|Toothache at the Museum|
Captions in this context are usually a sentence or snippet of dialogue children match up with a picture. They can leaf through old magazines to find an image that sparks an idea, draw or paint one of their own, or use a digital image. That image could come from Flickr (make sure it's licensed for re-use) or Google images, or perhaps it's a holiday snap you like. Add more creativity by suggesting kids set up their own photo shoots and take a snap that matches a great caption they've invented. This might involve dressing teddy as a superhero and suspending him with fishing line from the ceiling - just think of all the organisational and thinking skills involved!
Once they have a picture or two, help them brainstorm opportunities for humour. Helpful questions could be "What is this person thinking?" "What might just have happened?" "Is this person saying something but thinking something different?" A caption might be like a title for the picture - "Super Ted Saves the Day!" or some dialogue - "Take that, Battle Barbie 2!" or just a sentence or question - "Will Grandma decide to bring her umbrella next time?"
In a classroom situation, kids can devise a picture so their partner can write a caption, and vice versa. Caption writing really lends itself to being a classroom or school contest too - have a prize for the best caption as chosen by judges, and print out the entries for a great classroom display.
Quick Writing Online, and another in Play with Words and Images at Pizap. Kids can also use a comic builder like Make Beliefs Comix to set up a three panel story for a friend. Make sure they leave the balloons blank, and then the friend must write appropriate dialogue or thought inside the printed out comic. Google Docs will enable a user to add text to images or drawings. Software like Comic Life Maqiq is wonderful for adding text to images, too.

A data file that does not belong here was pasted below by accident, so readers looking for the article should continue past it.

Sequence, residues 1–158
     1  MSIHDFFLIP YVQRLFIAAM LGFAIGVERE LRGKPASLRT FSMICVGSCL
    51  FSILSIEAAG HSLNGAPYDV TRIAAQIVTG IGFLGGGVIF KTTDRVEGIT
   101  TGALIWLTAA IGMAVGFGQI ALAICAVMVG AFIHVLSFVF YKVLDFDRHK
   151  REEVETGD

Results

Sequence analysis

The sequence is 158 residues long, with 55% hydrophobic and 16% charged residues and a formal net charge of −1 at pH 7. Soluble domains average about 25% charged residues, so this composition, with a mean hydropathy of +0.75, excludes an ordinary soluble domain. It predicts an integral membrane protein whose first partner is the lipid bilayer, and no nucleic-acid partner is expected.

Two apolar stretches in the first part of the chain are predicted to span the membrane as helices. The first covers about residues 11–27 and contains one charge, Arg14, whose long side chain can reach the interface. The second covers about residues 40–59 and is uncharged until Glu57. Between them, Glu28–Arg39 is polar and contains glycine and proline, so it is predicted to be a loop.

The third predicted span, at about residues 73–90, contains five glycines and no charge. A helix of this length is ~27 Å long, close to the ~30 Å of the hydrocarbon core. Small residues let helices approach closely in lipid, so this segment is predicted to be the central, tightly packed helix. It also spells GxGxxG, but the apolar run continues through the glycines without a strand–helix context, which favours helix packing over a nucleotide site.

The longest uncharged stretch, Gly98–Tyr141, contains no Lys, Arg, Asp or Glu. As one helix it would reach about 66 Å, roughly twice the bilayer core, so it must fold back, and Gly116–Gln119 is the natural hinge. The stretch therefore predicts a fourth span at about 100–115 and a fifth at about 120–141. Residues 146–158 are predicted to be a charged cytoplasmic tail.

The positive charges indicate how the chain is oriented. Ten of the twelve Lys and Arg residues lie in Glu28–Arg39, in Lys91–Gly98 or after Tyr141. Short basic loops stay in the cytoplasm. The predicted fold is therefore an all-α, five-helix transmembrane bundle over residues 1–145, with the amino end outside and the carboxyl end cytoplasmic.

Writing captions is great practice for doing what journalists call "writing tight". The idea is to cut to the chase, remove unnecessary words and tell a story in as few words as possible. Kids need to imagine the story behind the picture and share that vision via the caption they choose. Caption writing doesn't take long, but it helps kids add useful skills to their own writer's toolbox. If you're looking for something different for a birthday card, something creative yet fun, why not encourage your kids to add captions to images?
And if you're looking for a photo to challenge your kids with, consider this one of a horse I found at Morguefile. I've added a speech bubble. If this horse could speak, what might he be saying? If you'd like to email me your kids' ideas, I'll choose one, and add it to the speech bubble.